In the first 4 hours following endoscopy, in case of missed perforation revealed by patient pain, ESGE [1] also recommends returning to the endoscopy theater instead of surgery to attempt endoscopic closure of the hole. Nevertheless, such cases are probably frequently associated with peritoneal contamination and the surgeon should probably be called to ensure close clinical surveillance after closure. After the 4-hour period, a CT scan should be requested to detect pneumoperitoneum in patients who have peritoneal signs of the condition, diagnose remaining leakage, or detect the amount of liquid present and extent of digestive wall thickening. In the report by Tribonias et al. [6], a conservative strategy without either endoscopy or surgery was chosen because the perforation did not seem perfectly complete given a single bubble attached to the colon wall that was seen on CT evaluation. Nevertheless, prophylactic surgery was also an option and the authors emphasized the decision-making process based on the endoscopist’s point of view after examination by the surgeon.

Finally, who should make the final decision about whether to perform surgery or proceed with surveillance? Prophylactic surgery for every case of perforation is dangerous and a source of avoidable morbidity, but on the other hand, delayed surgery is probably more difficult and associated with more morbidity than an early procedure. Endoscopists can play a role in discussing with surgeons for which patients postponing surgery is appropriate. The decision to proceed with surgery should be made by the physician responsible for performing the procedure. In the case of perforation, surgeons are responsible for adverse events such as peritonitis and shock that occur as a result of a delayed indication for surgery. Thus, when a hole is not closed sufficiently or when peritoneal symptoms appear during the postoperative period, the surgeon should be called to clinically evaluate the patient and to determine whether further surgery is required. After that, the final decision, although taken after a multidisciplinary discussion, lies with the surgeon. Further studies comparing surgery to surveillance in symptomatic patients with incomplete perforation are needed to illuminate the issues in this debate.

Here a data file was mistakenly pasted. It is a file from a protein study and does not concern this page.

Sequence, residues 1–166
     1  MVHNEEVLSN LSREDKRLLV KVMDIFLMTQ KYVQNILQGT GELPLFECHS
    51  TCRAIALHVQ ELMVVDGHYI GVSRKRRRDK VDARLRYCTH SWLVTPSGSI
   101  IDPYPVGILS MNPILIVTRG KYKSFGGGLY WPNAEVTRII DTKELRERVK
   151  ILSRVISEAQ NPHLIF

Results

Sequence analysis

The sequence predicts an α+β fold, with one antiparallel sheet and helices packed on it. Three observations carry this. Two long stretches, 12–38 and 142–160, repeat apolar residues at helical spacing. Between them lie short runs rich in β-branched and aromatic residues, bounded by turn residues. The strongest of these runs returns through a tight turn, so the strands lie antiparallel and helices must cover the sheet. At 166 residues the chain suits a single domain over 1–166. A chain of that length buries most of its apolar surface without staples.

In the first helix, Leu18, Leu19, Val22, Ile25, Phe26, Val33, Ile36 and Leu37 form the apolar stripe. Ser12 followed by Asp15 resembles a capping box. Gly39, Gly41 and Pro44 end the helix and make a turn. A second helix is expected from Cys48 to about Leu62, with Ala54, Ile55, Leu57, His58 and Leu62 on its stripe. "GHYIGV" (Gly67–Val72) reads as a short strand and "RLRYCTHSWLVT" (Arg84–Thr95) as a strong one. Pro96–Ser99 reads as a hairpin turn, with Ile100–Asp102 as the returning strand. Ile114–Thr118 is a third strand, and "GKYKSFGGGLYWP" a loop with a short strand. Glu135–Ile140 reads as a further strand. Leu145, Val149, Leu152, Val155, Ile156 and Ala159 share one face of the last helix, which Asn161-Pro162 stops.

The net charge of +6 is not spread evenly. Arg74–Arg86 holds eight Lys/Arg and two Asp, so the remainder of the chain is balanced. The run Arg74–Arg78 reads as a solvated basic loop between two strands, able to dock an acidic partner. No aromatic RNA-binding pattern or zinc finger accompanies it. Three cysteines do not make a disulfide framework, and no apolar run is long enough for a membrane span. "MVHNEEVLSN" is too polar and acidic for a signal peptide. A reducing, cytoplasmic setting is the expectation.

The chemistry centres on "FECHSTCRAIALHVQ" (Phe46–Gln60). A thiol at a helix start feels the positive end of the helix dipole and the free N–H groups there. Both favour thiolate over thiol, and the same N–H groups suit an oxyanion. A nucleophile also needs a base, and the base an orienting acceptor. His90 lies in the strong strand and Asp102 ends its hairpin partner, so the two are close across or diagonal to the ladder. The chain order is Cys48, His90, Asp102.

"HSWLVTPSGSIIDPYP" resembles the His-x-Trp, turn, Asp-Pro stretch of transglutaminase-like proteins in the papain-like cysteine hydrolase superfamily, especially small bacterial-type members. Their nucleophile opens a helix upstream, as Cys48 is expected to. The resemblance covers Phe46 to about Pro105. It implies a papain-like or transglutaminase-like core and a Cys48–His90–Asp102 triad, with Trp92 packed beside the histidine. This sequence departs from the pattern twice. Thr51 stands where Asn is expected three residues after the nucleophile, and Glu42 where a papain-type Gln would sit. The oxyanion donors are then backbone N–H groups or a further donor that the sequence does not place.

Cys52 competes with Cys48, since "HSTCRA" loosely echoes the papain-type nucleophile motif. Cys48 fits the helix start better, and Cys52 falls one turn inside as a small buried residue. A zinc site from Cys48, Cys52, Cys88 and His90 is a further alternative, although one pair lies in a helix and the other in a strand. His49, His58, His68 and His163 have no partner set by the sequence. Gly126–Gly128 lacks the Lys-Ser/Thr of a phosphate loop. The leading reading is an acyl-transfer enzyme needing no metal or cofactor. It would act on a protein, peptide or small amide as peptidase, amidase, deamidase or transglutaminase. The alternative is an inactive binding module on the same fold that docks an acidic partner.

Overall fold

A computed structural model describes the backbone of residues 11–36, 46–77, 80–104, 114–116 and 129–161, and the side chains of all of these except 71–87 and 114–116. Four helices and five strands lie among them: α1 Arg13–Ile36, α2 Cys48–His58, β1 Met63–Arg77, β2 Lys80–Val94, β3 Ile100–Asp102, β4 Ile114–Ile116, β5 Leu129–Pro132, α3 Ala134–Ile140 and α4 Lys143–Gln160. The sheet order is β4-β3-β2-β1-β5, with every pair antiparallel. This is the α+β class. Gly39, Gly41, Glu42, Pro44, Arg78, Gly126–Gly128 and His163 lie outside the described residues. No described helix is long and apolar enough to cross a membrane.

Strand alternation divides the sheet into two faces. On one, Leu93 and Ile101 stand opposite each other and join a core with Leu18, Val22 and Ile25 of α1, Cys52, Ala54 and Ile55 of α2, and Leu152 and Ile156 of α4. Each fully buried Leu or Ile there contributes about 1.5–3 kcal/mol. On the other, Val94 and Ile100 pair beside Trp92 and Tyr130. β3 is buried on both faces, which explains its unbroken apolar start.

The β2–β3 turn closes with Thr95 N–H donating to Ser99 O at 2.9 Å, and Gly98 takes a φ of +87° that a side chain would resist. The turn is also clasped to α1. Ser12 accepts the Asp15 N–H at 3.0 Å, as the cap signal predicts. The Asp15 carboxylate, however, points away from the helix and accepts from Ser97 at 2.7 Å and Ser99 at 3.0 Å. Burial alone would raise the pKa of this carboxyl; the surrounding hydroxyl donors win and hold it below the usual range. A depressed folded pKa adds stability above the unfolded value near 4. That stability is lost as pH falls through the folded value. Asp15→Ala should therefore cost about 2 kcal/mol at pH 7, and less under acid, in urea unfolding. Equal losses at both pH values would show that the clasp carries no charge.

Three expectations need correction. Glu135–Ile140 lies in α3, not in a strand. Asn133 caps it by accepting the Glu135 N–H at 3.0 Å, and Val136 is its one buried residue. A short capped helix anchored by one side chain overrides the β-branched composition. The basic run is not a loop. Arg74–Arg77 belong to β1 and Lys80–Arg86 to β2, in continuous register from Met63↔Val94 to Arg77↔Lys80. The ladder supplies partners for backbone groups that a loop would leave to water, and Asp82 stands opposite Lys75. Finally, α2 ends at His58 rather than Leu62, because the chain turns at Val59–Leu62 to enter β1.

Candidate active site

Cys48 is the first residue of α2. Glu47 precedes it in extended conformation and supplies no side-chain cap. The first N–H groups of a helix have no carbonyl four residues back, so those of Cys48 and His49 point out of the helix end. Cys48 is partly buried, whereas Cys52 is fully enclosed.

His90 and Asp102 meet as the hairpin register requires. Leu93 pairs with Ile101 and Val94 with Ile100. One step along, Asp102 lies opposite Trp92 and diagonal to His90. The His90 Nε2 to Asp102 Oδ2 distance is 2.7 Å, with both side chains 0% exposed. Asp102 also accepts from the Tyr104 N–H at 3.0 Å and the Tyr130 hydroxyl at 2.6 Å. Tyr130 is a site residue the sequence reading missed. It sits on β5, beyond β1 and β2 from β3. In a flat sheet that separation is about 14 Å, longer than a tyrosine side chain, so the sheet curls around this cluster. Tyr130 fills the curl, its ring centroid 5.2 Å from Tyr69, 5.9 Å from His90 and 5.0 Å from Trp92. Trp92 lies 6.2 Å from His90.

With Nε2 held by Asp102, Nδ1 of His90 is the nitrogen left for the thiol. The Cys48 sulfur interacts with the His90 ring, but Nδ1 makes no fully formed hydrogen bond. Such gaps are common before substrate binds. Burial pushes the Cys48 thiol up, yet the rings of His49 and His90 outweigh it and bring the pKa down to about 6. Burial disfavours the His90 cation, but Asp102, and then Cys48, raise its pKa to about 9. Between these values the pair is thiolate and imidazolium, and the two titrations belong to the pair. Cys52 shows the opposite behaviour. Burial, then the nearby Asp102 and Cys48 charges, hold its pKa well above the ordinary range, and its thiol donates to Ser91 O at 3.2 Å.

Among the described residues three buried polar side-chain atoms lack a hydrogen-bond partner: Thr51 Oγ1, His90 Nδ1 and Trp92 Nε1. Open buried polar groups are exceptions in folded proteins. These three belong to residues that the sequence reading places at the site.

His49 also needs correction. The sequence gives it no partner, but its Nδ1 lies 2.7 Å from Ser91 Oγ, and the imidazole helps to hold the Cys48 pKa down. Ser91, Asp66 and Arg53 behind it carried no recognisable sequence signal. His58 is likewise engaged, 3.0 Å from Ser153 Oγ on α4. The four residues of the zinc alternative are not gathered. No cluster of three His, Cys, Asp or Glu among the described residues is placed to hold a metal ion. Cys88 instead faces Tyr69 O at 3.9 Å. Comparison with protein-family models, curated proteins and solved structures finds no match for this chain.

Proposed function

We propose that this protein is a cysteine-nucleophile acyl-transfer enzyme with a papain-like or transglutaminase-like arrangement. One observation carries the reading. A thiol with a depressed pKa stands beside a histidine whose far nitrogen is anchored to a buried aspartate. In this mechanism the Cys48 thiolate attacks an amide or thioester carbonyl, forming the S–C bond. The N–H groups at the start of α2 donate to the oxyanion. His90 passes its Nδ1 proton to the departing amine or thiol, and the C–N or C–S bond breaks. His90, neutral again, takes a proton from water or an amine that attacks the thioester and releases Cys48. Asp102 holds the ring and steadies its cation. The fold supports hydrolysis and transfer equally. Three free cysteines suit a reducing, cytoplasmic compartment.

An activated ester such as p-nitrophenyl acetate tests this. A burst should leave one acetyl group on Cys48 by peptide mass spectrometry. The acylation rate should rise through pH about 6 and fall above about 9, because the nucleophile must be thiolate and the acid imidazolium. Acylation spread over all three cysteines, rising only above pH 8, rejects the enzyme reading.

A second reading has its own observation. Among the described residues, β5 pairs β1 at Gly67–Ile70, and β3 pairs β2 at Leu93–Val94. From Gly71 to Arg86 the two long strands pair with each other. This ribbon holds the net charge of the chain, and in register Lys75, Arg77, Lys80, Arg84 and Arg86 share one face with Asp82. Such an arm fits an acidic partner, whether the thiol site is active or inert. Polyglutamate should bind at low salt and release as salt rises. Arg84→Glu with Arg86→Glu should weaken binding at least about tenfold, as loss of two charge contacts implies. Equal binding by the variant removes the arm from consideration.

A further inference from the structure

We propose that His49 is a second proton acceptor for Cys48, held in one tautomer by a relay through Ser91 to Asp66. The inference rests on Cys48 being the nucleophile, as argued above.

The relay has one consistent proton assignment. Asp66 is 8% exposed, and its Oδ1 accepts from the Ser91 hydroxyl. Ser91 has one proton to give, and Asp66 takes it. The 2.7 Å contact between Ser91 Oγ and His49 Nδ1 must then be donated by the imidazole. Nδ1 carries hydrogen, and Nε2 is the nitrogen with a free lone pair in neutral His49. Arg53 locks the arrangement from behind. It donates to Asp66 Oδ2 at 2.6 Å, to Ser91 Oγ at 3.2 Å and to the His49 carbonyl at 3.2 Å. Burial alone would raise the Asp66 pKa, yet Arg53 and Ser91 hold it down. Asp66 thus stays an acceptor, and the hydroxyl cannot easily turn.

To summarize, per procedural management of perforation is now a part of endoscopy procedures and endoscopists should at least be prepared for them, able to make decisions about how to proceed, and attempt closure of these defects with hemoclips. Once a perforation is closed, a patient should be strictly followed up to detect any remaining leakage. In patients who are asymptomatic (or who have few symptoms) after closure, evaluation by the surgeon is not necessarily inevitable. On the other hand, when symptoms occur more than 4 hours after endoscopy, delaying surgery can have a negative impact with a progressive increase in risk of severe peritonitis. Thus, in such cases of “surgical perforations,” the surgeon has responsibility for determining the indication for and optimal timing of surgery and whether the endoscopist can participate in the discussion, and the surgeon should be the cornerstone of the decision-making process.


Pioche M, Bertrand G, Rivory J. Endoscopic perforation during EMR or ESD: who should take care of the patient? Endoscopy International Open 2018; 06: E313–E314. DOI: 10.1055/s-0044-101348
In the above mentioned article was a misspelling in the title. Correct is: Endoscopic perforation during EMR or ESD: who should take care of the patient?